Payments in advance by credit/debit card or Paypal only. Offer is only available where normal home delivery exists and not where additional freight is ordinarily charged. Full offer terms and conditions apply - see for full details. Pop to Popism review – shock and social critique, with an Australian thread | Art and design. Art movements are strange things: some are decreed by way of a manifesto, their antecedents declared and a purpose proposed.

Others are made retrospectively, with entire historical periods yoked under a name that the artists involved never heard themselves, their work understood as part of a historical sweep regardless of individual inspirations or intentions. Either way, the naming and creation of art movements remains mysterious – who is in?

Who is out? When did it start – and end? Pop art was a movement that had no central manifesto but even in its infancy was acutely self-aware, born of a postwar media culture and the slow evolution of an underground queer aesthetic into a mainstream sense of irony. Its deep roots lay in the avant-garde of the early 20th century, pop inheriting the dada and surrealist tactics of shock and social critique, mixed with an unabashed love of selectively appropriated pop culture icons and an experimentation with new media of the day.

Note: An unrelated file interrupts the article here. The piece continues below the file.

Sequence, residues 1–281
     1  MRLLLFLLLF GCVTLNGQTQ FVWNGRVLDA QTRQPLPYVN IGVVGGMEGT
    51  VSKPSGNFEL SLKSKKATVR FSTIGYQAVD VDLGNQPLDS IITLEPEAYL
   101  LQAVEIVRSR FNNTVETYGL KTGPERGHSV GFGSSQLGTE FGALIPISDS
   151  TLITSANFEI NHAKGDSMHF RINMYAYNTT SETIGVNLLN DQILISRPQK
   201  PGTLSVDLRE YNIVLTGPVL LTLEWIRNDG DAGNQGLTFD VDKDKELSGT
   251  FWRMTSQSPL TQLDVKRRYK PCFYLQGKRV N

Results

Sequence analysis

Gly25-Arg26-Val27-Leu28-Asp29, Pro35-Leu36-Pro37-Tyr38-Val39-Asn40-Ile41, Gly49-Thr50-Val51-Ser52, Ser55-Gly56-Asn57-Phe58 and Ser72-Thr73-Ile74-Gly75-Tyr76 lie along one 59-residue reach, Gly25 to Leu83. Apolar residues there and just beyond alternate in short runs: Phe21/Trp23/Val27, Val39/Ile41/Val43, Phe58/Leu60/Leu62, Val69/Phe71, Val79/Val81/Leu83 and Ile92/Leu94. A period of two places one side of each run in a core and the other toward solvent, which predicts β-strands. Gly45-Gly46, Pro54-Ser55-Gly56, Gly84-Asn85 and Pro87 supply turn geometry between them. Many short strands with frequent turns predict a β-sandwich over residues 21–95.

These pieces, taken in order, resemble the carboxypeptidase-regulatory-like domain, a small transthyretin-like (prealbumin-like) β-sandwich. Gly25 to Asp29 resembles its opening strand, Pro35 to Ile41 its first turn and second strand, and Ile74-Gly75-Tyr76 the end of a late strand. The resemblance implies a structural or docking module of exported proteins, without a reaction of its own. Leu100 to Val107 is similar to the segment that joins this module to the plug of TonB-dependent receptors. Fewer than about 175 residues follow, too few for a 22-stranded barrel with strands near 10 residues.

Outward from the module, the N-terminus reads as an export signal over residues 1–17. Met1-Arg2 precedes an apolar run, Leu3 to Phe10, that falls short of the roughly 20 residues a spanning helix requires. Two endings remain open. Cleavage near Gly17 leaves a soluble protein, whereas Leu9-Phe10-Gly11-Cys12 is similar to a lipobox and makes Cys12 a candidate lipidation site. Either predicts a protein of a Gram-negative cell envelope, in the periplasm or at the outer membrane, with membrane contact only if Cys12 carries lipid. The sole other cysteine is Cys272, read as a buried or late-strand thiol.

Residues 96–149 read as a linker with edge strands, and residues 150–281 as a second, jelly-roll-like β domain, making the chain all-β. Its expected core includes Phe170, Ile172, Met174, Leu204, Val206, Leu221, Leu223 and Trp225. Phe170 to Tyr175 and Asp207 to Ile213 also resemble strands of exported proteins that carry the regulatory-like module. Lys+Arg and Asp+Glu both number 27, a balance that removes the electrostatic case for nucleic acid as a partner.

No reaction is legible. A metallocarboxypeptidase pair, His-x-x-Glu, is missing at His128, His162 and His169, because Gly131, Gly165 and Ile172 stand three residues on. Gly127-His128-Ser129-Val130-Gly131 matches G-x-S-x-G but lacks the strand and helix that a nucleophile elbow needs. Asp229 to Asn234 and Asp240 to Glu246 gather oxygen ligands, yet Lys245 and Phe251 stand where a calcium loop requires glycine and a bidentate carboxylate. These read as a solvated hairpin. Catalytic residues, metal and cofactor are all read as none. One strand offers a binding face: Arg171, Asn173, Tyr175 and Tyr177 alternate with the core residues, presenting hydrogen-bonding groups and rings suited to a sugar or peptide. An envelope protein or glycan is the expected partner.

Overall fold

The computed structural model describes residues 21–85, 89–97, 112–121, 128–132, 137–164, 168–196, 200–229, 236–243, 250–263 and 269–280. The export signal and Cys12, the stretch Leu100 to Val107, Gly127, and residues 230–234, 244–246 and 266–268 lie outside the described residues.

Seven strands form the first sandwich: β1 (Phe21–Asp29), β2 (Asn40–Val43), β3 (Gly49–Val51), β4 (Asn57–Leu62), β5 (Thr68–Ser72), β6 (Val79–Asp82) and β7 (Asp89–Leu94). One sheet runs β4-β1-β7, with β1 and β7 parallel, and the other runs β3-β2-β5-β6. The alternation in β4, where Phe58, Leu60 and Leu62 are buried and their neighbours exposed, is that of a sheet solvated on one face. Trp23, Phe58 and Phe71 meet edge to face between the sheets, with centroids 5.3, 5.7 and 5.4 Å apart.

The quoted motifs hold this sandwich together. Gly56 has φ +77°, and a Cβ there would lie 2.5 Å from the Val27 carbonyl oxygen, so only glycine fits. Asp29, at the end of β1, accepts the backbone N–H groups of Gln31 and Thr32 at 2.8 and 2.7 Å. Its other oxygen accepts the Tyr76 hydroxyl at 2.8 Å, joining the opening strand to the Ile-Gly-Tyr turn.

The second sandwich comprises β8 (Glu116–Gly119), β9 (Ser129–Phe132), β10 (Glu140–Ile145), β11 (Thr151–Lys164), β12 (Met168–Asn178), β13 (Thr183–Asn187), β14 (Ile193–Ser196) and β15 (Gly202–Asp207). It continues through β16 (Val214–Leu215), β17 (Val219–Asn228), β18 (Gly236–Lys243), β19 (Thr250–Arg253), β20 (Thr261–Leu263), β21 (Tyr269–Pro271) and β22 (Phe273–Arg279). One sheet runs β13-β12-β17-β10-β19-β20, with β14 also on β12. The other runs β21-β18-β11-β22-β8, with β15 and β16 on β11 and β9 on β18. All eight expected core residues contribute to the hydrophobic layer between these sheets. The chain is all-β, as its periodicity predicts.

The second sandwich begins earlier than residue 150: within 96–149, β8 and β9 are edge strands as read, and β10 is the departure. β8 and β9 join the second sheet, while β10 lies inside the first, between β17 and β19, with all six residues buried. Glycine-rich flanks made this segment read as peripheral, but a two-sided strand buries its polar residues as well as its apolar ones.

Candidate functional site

Pop to Popism review (AGNSW, Sydney) Everyone loves pop art now. It chimes perfectly with a world where the pursuit of the commodity reigns supreme. And while America may have given it its largest platform, the movement began, with general consensus, in Britain when in 1956 Richard Hamilton produced his collage called Just What Is It That Makes Today’s Homes So Different, So Appealing? (below) This quirky work pins images of mass communication and narcissism to its frame like so many insect specimens: the two spool recorder, the television set (with a woman gushing into the phone), the thought bubbles in the wall cartoon, the over-developed body builder and the near naked woman fondling a breast. Celebrities like Marilyn Monroe, Elvis Presley and Elizabeth Taylor were forever captured in his lurid prints whose multiplications appear like a postage stamp,repeated endlessly, minus the perforations, on a single page.

He did the same thing with disposable objectsthat everyone had access to — like Campbell’s soup cans. Sydney International Art Series :: Pop to popism. Left: Roy Lichtenstein In the car 1963 (detail), oil and magna on canvas, 172 × 203.5cm, Scottish National Gallery of Modern Art, purchased 1980 © Roy Lichtenstein Foundation. Licensed by Viscopy, Sydney.

Right: Chuck Close Self-Portrait (Yellow Raincoat) 2013, archival watercolour pigment print (90º) on Hahnemühle rag paper, 190.5 × 152.4 cm, edition of 10, image courtesy the artist and Pace Gallery © the artist in association with Magnolia Editions, Oakland, California Bringing the world’s most outstanding exhibitions to Australia, exclusively to Sydney, every summer The 2014-15 Sydney International Art Series will showcase two inspired exhibitions – Pop to popism (1 November 2014 – 1 March 2015) at the Art Gallery of NSW and Chuck Close: prints, process and collaboration (20 November 2014 – 15 March 2015) at the Museum of Contemporary Art Australia (MCA). The Hon Mike Baird, MPPremier of New South Wales. Pop to popism. Roy Lichtenstein In the car 1963 (detail), Scottish National Gallery of Modern Art, purchased 1980 © Roy Lichtenstein Foundation.